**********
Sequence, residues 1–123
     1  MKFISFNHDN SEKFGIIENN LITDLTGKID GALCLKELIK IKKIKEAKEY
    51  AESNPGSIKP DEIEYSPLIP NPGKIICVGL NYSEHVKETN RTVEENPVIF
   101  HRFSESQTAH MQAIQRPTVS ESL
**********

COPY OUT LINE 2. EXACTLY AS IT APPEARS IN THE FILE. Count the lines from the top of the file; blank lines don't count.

     1  MKFISFNHDN SEKFGIIENN LITDLTGKID GALCLKELIK IKKIKEAKEY